By Sue Tiffin
Nancy Therrien was adapting library programming to allow for greater physical distancing as recommendations to stay home came into effect beforeMarch Break when the library programming was cancelled altogether. Notlong after that the library doors would close. Changes were happeningrapidly on a daily basis but Therrien and fellow Haliburton CountyPublic Library staff responded quickly.
“I just thought it would be a way for us to get our programs out to people that can’t come to usespecially during the March Break that’s what hit probably the worstis the fact that there are all kinds of March Break programs scheduledand then almost instantly everything got cancelled” said Therrien.“Maybe 48 hours was the window and then boom everything was cancelled. We had to make a choice pretty quickly … Once I found out everythinghad been cancelled completely then I had to say OK what can we do?”
The result was the HCPL’s Family Storytime being offered online. On March17 the day after the HCPL announced branch doors would be closed to the public as the threat of the coronavirus pandemic came closerTherrien’s was one of the first local faces being broadcast into homeson the HCPL Facebook page as kids and adults gathered around theirdevices to watch the programming live. Celebrating Dr. Seuss Therrienappeared wearing a green wig and wearing an HCPL “Keep Calm and Read aBook” shirt sang a rhyming song while encouraging kids to join in read a Dr. Seuss book and together with Noelia Marziali conducted ascience experiment using materials kids might have in their homes.
“True storytime should have more elements than just the stories it needs tohave the songs and the rhymes and the extra bits and pieces the visualelements to make it more inclusive” said Therrien. “To do it reallywell there’s a lot to it.”
Online HCPL programming can also includeMaker Break Libby ebooks tutorials Tech Time and BookClubvideoconferencing while groups like the Algonquin Highlands WritersCircle can meet via videoconferencing too.
“The idea behind it wasjust … it’s not necessarily going to be better than what someone might put out there but it’s us” said Therrien. “It’s local. People getjust a little piece of the community.”
Therrien said differenttechnology has been tested and trialed to determine which app orplatform works for each unique need of programming: some can bepre-recorded for example some might require more interactive elements.
“The big problem is we have some people who have nothing nointernet at all” said Therrien. “We can’t help that. But for the people we do we can reach out and little by little everyone is going tolearn the technology.”
Ideally she said what the library will offer is “not too overwhelming for someone who just wants to be a participant.”
During the first few Storytimes Therrien went into the library. But now shesaid everyone including her is working from home. Rob Muir’s Storytimesessions include his cats. Jaime Bilodeau’s Storytime sessions includeher daughter Holly Carpenter.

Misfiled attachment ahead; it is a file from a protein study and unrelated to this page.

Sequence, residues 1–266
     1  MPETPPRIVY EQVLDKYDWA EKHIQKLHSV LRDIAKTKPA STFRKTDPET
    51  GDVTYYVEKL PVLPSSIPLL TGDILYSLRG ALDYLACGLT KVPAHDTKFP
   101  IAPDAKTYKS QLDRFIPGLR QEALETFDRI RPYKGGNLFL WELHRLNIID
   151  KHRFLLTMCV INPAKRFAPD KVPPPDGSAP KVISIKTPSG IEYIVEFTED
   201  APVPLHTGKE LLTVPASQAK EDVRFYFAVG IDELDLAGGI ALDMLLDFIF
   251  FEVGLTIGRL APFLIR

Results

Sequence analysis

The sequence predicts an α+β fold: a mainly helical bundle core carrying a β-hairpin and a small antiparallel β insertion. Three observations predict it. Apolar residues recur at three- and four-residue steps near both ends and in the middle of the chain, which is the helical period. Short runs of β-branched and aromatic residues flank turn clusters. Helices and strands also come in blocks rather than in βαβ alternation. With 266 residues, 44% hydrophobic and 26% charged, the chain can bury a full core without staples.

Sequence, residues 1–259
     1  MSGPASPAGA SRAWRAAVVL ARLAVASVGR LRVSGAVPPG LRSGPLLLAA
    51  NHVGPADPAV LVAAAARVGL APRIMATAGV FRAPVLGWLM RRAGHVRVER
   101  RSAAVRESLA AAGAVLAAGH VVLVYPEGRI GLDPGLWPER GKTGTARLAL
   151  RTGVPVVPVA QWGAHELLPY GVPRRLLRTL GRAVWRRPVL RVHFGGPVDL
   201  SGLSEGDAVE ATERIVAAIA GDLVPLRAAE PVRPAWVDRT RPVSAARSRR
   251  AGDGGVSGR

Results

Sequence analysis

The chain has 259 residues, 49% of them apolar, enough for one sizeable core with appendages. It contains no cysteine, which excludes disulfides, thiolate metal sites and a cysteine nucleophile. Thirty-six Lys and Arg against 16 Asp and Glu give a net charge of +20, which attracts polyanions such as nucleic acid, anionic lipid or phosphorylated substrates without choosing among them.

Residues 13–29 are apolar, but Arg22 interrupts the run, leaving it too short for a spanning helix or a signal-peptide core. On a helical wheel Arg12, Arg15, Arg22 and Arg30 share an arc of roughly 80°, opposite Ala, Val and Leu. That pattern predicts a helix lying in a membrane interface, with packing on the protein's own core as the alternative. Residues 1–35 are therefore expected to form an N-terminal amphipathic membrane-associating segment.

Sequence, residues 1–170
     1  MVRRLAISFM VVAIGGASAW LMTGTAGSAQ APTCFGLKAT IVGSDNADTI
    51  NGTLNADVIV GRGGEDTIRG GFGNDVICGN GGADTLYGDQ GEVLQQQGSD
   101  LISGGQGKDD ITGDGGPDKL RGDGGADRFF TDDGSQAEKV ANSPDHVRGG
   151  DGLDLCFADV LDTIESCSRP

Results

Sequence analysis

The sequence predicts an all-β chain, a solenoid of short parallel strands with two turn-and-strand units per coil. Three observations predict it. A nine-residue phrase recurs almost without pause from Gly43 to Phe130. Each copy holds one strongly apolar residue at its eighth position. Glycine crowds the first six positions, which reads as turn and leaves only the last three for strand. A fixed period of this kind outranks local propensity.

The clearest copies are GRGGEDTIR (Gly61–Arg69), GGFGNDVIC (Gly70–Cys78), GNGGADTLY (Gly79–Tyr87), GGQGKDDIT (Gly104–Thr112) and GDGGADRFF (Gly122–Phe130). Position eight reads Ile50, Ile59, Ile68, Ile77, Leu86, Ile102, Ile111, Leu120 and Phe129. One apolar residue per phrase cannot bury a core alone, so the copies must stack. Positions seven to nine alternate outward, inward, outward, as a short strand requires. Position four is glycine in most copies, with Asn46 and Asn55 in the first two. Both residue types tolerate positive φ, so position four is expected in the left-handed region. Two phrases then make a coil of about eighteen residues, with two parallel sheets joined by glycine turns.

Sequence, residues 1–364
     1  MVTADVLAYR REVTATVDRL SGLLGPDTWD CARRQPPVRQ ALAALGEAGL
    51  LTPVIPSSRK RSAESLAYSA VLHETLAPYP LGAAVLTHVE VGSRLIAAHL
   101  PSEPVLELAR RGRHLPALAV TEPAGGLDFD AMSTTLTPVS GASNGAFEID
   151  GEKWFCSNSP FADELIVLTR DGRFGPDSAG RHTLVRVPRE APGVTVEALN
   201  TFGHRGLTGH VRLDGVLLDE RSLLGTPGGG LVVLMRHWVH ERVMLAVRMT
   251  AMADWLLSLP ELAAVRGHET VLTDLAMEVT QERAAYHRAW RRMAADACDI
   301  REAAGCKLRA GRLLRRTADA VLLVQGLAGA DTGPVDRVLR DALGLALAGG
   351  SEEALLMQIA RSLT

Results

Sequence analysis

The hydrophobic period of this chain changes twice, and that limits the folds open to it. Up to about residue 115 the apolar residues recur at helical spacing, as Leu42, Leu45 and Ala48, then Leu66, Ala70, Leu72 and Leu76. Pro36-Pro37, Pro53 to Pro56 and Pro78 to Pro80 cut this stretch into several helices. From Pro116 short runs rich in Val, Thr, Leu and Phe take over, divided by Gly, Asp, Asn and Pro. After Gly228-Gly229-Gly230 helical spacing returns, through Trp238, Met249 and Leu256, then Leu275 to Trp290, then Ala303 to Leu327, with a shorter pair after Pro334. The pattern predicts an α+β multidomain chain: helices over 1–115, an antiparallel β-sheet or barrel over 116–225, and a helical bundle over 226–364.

“It might be easier for her” saidTherrien of having an actual child participating in the Storytime asthey would be in person at the library. And then laughing: “althoughshe also has that element of you never know what a child is going to say or do.”
An added benefit of having an online option for programming said Therrien is that participation increases noting that whenphysical distancing requirements are relaxed the library could stillbroadcast live programs for those who aren’t able to attend in person.
“It’s much further reaching” she said. “People that can’t drive for whatever reason they can watch it from their home. So that’s the positiveaspect of it and I can see continuing with this easily.”
Though there were some challenges in figuring out how to make everything run asseamlessly as possible Therrien said she would recommend bringingservices and programming online to anyone in the community who isconsidering it.
“My answer would be try it” she said. “Even though you might not understand the technology element it can only getbetter. We’re just going forward in time maybe 10 years because I think if we had fast forwarded 10 years there would be a lot more onlineactivities so we’re just all being pushed forward a little morequickly. Just try it go for it don’t worry if it doesn’t work outjust keep on trying eventually it’s got to work. Problem solving is abig part of any technology it doesn’t matter if it’s video conferencing going live or learning how to use your cellphone. It’s allproblem-solving.”
Once computers and tablets and other equipment tomake home videos possible were redeployed to staff who needed it inorder to be able to work from home – a bigger challenge than one wouldexpect said Therrien who noted library staff are taking sanitizing and social distancing guidelines seriously – an online programming schedule was put in place and the HCPL Facebook page has seen regular activitybringing the library into homes throughout the county and beyond.
“It feels like what we’re supposed to be doing” said Therrien. “Our focusas a library is to be a community hub if we can’t do that in personmaybe we can do it virtually.”
Stretching mindfully online
Withthe sound of a singing bowl reverberating through a room in Blue SkyYoga Studio in Haliburton Lynda Shadbolt smiles from a spot on thefloor in front of the fireplace and says to anyone who might be watching the broadcast either live as she films or post-recording “Rumi saiddo not feel lonely the entire universe is inside you.”
Shadbolt has been offering free yoga meditation and qigong classes on Facebookwelcoming everyone to join in. At noon she tapes a meditation as partof a 100 days of loving kindness program encouraging people around theworld to meditate for a minimum of five minutes a day which began May27 and runs until July 4.